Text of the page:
Important: When walking along the coast, check the boat schedule to Amalfi Coast. A strong advantage of Salerno is that the town is a convenient gate to one of most spectacular part of Italian coastline. Amalfi Coast amazes with its dramatic vertiginous cliffs and a rugged shoreline nested with tiny beaches and charming pastel-colored villages. The ride to Amalfi is spectacular on its own, you will pass the grand Italian villas, vineyards located on the natural terraces and lemon groves adorning the cliffside.
If your visit is short, you can come to Salerno from Naples and go directly to the harbour to take a boat to Amalfi Coast. Then spend a day in Amalfi small towns and take a boat back to Salerno and catch the evening train to Naples. This trip is a bit rushed but it’s still worth it since Amalfi Coast is one of the most beautiful Italian regions and it’s easily reachable from Naples. If you decide for one day trip like this, make sure you verify the train and boat schedules in advance and coordinate your connections well.
Amalfi Coast (1-2 days recommended)
The trip to iconic Italian Amalfi cliff coast ensures breathtaking views and relaxing slow explorations of old charming villages. In the area you can sample the best of Italian cuisine in small little restaurants, opt for leisure swimming on cameral beaches in the summer or visit old historical villas and surrounding gardens and admire the rural Italian architecture of the small towns nested on the hills and coasts. In my view, the great popularity of Amalfi Coast that draws visitors from all over the world comes from the possibility to experience the unique blend of old-world European charm combined with the beauty of nature and numerous coastal activities.
The best way to reach Amalfi Coast is to take a boat from Salerno to Positano, the journey takes from 45 minutes to almost two hours depending on the type of the vessel. The trip on its own is amazing because you have beautiful panoramic views of Sorrento clifftop. If you don’t want to be rushed (also by the boat schedules) it’s worth spending 2 days in Amalfi Coast area to slowly enjoy the dreamy atmosphere of the villages and take in the natural beauty of one of the most stunning places in the whole Italy. But if you can’t stay longer, one day visit is also possible.
The towns worth seeing in Amalfi Coast if you come for one day are Positano or Amalfi(where you dock so it’s an easy visit), but you definitely want to go up to see the villages on the cliff and enjoy the panoramic views from there. This is possible with a system of buses which conveniently depart from Positano and Amalfi. You can easily get with public transport to picturesque Ravello, a village located 365 meters above the sea level. One of the biggest attractions is a 13th century Moorish-style Villa Rufolo with its splendid gardens that lead to the terraces overlooking the area. Ravello is a small town and perfectly walkable by foot, after visiting Villa Rufolo I suggest getting to the main square and enjoy local architecture as well as cool down with delicious ice-cream in one of the traditional gelaterias.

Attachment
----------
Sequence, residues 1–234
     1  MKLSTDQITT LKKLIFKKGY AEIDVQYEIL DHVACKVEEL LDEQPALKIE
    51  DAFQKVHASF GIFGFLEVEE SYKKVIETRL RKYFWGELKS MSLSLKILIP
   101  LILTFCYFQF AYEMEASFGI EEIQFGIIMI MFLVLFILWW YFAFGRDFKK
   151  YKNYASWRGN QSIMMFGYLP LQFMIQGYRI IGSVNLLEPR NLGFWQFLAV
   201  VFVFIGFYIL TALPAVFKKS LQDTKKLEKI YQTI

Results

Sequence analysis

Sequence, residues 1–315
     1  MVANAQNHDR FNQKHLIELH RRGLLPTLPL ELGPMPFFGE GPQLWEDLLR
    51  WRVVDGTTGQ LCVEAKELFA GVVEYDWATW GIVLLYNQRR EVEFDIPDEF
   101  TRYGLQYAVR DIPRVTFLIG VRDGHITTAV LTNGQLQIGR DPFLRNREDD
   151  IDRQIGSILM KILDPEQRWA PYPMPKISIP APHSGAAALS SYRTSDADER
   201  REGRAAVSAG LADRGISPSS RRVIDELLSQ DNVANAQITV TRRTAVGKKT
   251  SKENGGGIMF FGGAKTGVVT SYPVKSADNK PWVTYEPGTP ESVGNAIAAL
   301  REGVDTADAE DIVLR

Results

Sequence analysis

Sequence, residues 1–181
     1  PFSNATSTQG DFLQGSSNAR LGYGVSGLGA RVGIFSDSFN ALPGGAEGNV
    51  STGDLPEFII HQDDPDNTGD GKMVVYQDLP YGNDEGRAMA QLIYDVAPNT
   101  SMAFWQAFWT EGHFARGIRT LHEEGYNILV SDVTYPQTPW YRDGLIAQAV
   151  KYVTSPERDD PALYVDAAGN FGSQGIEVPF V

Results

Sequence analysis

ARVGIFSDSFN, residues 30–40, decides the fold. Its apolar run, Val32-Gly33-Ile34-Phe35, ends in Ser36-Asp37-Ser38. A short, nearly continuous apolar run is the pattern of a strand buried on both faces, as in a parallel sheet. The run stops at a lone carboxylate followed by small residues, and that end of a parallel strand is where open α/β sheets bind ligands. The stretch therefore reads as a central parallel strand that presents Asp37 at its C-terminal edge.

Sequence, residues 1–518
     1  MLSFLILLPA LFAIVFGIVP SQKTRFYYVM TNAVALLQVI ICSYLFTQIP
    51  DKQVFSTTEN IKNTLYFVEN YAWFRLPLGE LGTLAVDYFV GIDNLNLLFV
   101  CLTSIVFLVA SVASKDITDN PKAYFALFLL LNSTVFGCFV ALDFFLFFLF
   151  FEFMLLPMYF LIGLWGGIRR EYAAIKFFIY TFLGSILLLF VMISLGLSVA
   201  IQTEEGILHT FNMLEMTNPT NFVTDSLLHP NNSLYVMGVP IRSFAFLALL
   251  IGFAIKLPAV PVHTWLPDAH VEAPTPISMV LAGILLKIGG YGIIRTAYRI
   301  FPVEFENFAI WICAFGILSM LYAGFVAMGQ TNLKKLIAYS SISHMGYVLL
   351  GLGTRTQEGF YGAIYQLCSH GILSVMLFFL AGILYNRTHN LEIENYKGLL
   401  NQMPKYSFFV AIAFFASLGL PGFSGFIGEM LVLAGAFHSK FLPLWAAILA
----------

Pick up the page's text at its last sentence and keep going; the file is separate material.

Another place you can visit is Amalfi coastal town which is one of the biggest in the Amalfi Coast and similar in spirit to Positano but I’d say a bit less trendy and pricey (since most tourists would go to Positano). Amalfi is very well connected with Ravello by public transport and offers many nice cafes and restaurants and has the similar Italian charm to walk along the cute narrow streets and admire the local architecture, I recommend to enter the main church on square facing the harbour, the building particularly stands out.
If you stay for 2 days you can just spend more time in those three towns and enjoy some swimming or going to grottos with a guide, or you can just drive around the area and see more of the charming villages which are a bit less touristy than Positano, Ravello and Amalfi.
Ahh, the main city and one day trips by public transport, that’s what I like 😉
Do you recommend staying for few days just for swimming in Salerno?
I second the question about the car on the Amalfi Coast.
Also, I wonder whether in May and June the prices are significantly lower than in July and August and if May and September are still fine for a swim (water temperature)…
Ale ładnie! wybieramy się na majówkę samochodem, i teraz pytanie, czy da się zabrać samochód na Amalfi, bo czytałam, że są łodzie, ale pasażerskie, a chyba po samym Amalfi najlepiej się robi objazd własnym autem… jak to działa?🤔
Pompeje na Twoich zdjęciach mnie oczarowały!